Dystopia, Lord of the Flies, and Politics

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Classic dystopian novels are experiencing a burst of popularity. The BBC has collated a list of current best-sellers that features George Orwell’s Nineteen Eighty-Four, Aldous Huxley’s Brave New World, and Sinclair Lewis’s formerly out-of-print It Can’t Happen Here. Lewis’s lesser known novel features ‘a charismatic demagogue, Berzelius “Buzz” Windrip, [who] runs for president on a promise to restore American greatness, dragging the country into fascism’.

It is easy to see why these books seem prescient. Take, for example, Kellyanne Conway’s interview in which she stated that White House Press Secretary Sean Spicer had provided ‘alternative facts’ on the crowd numbers attending Donald Trump’s inauguration as US President. ‘Alternative facts’ sounds like something straight from the Ministry of Truth in Nineteen Eighty-Four.

 Margaret Atwood’s classic dystopian novel The Handmaid’s Tale has also just rocketed to the top of Amazon’s bestselling book chart. This feminist-inspired work portrays a society in which women’s rights are stripped away by an authoritarian and patriarchal government. These political changes happen subtly at first, but then culminate in a nightmare of servitude, including forced intercourse for procreation. The book cover has frequently appeared on placards during protests against Trump’s presidency. Some protestors have claimed that his executive order to stop federal funding to organisations which advise women on abortion mirrors Atwood’s political fable.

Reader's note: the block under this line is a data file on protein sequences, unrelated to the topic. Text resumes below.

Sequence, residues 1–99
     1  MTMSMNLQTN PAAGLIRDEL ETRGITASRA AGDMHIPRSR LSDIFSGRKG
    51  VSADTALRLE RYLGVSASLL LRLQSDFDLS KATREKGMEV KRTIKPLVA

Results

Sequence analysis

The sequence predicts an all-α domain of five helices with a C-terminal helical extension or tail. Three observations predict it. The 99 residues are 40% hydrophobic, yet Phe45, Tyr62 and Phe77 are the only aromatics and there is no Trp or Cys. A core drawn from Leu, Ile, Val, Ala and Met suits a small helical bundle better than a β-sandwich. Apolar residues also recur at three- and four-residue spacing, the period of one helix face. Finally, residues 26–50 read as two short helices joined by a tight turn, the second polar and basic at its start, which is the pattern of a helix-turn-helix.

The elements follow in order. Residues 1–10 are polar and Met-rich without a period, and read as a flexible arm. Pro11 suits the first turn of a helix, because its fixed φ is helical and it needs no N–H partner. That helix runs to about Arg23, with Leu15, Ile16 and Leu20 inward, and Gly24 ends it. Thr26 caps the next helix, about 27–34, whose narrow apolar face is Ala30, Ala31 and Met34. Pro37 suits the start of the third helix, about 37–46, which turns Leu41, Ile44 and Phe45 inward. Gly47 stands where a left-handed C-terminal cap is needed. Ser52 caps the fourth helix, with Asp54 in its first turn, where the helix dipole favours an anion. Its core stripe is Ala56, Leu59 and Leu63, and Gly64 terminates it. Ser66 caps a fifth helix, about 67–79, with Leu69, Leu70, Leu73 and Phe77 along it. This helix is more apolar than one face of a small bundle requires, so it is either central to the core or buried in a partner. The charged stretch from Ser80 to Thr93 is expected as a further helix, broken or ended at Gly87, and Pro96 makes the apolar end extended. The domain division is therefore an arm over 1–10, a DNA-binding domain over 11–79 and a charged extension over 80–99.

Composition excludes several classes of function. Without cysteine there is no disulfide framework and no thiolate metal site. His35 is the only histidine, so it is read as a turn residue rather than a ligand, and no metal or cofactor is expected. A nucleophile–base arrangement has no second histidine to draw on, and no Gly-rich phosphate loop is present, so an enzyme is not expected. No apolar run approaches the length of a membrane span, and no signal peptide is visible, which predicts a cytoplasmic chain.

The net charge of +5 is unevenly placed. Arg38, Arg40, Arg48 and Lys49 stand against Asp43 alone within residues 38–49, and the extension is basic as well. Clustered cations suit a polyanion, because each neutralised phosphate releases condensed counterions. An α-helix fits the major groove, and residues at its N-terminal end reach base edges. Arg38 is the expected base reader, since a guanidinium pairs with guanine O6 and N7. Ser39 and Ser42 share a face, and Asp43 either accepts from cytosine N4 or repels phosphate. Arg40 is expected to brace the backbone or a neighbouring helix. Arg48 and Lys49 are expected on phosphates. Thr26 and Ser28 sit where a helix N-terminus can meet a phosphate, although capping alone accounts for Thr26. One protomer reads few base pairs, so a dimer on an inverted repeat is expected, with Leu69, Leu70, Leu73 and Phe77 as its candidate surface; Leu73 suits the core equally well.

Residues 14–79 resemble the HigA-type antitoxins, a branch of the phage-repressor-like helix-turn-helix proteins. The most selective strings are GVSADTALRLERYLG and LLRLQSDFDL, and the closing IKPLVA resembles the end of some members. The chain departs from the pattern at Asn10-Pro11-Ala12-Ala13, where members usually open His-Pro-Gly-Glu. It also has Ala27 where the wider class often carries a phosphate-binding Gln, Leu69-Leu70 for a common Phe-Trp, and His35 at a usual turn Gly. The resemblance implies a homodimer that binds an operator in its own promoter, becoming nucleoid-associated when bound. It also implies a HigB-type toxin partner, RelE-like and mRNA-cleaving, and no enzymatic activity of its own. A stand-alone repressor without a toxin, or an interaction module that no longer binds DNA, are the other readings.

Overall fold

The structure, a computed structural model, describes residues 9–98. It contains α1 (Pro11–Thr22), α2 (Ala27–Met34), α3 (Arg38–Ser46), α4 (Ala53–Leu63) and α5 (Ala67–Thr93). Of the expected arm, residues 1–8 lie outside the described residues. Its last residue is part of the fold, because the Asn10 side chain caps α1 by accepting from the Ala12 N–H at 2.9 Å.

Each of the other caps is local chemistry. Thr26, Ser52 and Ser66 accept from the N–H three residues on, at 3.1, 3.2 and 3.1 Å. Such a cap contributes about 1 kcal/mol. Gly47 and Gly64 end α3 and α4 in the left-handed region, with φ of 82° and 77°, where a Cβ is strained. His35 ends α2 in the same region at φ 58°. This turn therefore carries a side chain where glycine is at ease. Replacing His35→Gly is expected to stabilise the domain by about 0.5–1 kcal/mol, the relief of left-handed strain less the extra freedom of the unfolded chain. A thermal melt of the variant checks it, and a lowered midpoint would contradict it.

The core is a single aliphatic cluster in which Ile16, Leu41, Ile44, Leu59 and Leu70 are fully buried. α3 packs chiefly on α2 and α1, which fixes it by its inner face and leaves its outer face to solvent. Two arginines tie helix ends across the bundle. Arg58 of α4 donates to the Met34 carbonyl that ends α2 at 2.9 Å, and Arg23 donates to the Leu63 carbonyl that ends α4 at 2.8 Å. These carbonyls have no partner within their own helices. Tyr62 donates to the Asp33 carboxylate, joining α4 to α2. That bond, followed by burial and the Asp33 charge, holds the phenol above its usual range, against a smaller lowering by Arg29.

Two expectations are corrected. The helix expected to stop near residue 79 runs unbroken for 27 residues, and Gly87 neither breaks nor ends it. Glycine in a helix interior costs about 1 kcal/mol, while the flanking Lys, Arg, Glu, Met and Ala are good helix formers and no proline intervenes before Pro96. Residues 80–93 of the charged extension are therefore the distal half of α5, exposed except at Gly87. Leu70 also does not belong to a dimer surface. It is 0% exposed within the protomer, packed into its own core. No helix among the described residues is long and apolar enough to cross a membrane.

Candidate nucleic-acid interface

The conch

Golding’s most famous dystopian tale, Lord of the Flies, has featured in reporting of the 2016 US election campaigns. And in the early days of 2017 the conch has frequently been used as a touchstone of democracy.

Sam Leith, in the Guardian, discusses what he calls Trump’s ‘inarticulacy’ and states that in his first press conference, ‘He spoke less like a president than like a bad-tempered reality TV star with – in Lord of the Flies terms – a firm grip on the conch’. Leith acknowledges that Trump has been elected to high office, and therefore has the ‘right to speak’, but comments that Trump’s demeanour is not particularly Presidential.

Tom McCarthy, also in the Guardian, describes the conch as a symbol of democracy, rule of law, and due process. He argues that both Trump, and British Prime Minister Theresa May, are ‘conch-smashers’: ‘Trump’s disparagement of a judge for being of Mexican heritage and May’s refusal to condemn newspapers that more or less openly incited violence against justices who ruled against her places these two firmly in the conch-smashers’ camp’.